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Dayton Daily News (Ohio)
COLUMBUS — Foreign athletes could be recruited to play high school sports for a handful of private boarding schools — and the Ohio High School Athletic Association would have no chance of stopping them.
Republicans in the Ohio Senate inserted a change in the state budget bill that would allow F-1 visa holders to compete in interscholastic sports and would bar any school district, league, conference or association from having rules to the contrary.
OHSAA Assistant Commissioner Roxanne Price said the change will open the door for recruiting athletes from other countries to gain a competitive edge and possible exploitation of students.
"Someone forwarded an article to the compliance team this school year about international students who arrived in the United States with the promise of fulfilling athletic dreams, but those dreams turned to nightmares," Price said.
Ohio Senate President Larry Obhof, R-Medina, said: "I don't share their concern that a significant number of schools around Ohio are going to recruit really good athletes from other countries to come here. No. I think that's overblown."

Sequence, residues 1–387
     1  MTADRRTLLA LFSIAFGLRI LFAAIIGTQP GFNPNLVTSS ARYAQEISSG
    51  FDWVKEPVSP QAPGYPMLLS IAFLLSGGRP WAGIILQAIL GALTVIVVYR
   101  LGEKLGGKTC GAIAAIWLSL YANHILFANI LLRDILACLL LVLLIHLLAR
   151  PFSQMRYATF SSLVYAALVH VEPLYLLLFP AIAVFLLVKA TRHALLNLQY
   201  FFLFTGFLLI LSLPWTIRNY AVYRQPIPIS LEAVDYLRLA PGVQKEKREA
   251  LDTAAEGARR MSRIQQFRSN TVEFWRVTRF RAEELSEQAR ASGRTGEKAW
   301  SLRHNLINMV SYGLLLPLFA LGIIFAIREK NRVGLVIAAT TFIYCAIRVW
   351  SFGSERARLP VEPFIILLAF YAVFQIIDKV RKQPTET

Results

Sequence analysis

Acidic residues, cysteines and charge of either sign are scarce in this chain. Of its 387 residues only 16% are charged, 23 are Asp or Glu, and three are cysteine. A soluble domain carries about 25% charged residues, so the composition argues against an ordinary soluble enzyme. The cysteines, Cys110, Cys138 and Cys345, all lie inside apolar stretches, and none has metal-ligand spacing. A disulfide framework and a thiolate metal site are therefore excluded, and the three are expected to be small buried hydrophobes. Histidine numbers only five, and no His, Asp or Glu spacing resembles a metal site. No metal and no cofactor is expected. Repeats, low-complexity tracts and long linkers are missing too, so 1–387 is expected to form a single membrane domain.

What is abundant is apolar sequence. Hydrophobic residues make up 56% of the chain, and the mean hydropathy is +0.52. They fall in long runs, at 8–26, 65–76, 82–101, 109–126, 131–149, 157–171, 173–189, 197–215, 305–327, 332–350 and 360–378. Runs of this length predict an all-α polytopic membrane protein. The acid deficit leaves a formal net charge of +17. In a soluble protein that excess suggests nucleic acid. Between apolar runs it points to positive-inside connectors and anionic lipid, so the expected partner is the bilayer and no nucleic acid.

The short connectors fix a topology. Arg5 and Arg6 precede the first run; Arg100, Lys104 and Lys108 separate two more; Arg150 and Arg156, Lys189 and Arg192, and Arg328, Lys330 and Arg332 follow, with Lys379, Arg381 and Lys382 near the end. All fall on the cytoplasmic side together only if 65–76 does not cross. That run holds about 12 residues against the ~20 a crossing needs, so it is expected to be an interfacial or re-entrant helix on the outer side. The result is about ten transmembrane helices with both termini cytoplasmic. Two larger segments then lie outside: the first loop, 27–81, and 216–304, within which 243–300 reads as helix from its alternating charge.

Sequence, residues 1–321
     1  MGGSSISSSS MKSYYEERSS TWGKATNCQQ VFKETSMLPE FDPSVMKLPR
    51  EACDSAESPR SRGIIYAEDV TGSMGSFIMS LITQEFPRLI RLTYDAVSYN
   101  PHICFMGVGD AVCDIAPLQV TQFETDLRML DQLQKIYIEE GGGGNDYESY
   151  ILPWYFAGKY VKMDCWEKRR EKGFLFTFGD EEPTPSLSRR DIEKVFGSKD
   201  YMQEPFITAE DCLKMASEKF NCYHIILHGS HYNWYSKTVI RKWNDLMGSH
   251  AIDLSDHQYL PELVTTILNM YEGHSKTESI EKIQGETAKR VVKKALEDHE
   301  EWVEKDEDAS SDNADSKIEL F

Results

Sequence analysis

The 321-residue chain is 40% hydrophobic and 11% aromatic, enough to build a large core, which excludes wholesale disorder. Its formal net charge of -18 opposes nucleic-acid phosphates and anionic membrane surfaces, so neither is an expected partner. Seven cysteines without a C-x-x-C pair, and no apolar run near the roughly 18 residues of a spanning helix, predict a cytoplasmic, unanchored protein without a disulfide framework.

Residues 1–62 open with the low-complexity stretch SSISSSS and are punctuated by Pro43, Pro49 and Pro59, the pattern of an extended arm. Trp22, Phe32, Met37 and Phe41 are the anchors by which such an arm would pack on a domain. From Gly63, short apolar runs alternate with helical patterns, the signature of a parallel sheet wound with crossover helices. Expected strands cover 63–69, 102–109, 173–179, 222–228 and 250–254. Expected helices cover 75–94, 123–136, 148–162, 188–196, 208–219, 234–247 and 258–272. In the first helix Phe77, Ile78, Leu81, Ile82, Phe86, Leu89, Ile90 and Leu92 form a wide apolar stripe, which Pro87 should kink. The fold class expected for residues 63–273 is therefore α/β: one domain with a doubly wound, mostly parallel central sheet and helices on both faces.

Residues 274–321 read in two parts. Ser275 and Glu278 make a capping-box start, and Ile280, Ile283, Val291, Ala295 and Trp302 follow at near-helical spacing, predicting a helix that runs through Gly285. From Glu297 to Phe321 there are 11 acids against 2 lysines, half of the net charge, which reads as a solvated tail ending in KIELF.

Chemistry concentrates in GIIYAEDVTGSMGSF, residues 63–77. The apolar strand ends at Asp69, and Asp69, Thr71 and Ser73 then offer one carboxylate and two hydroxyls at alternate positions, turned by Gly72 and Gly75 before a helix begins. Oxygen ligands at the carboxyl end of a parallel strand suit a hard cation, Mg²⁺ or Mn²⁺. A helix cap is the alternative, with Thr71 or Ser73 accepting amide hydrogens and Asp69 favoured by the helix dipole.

Obhof did not disclose which lawmaker added the change to the bill.
"The rationale is if people are attending school here they ought to be able to participate in sports here. The consensus among a great deal of our caucus is that we have too many hurdles in letting people participate in extra curricular activities," he said.
Foreign students study in and visit the U.S. primarily on two types of visas issued by the U.S. Department of State: J-1 and F-1. A J-1 visa is good for one year and cannot be renewed. An F-1 is valid for as long as it takes to finish a course of study.
CurrentOHSAArulesallow exchange students on J-1 visas to participate in high school athletics, as long as certain conditions are met. The amendment inserted in the budget bill specifies that it would only apply to F-1 visa holders who attend an Ohio school that "began operating a dormitory on the school's campus prior to 2014..."
There are eight boarding schools in Ohio, though it's not clear which ones have haddormssinceatleast2014.
In 2001, the Dayton Daily News published a seven-part series that exposed the practice of foreign athletes coming to the U.S. under the guise of educational and humanitarian exchange programs but the true goal was to play basketball and land a college scholarship or go pro.
Contact this reporter at 614-224-1624 or email Laura.
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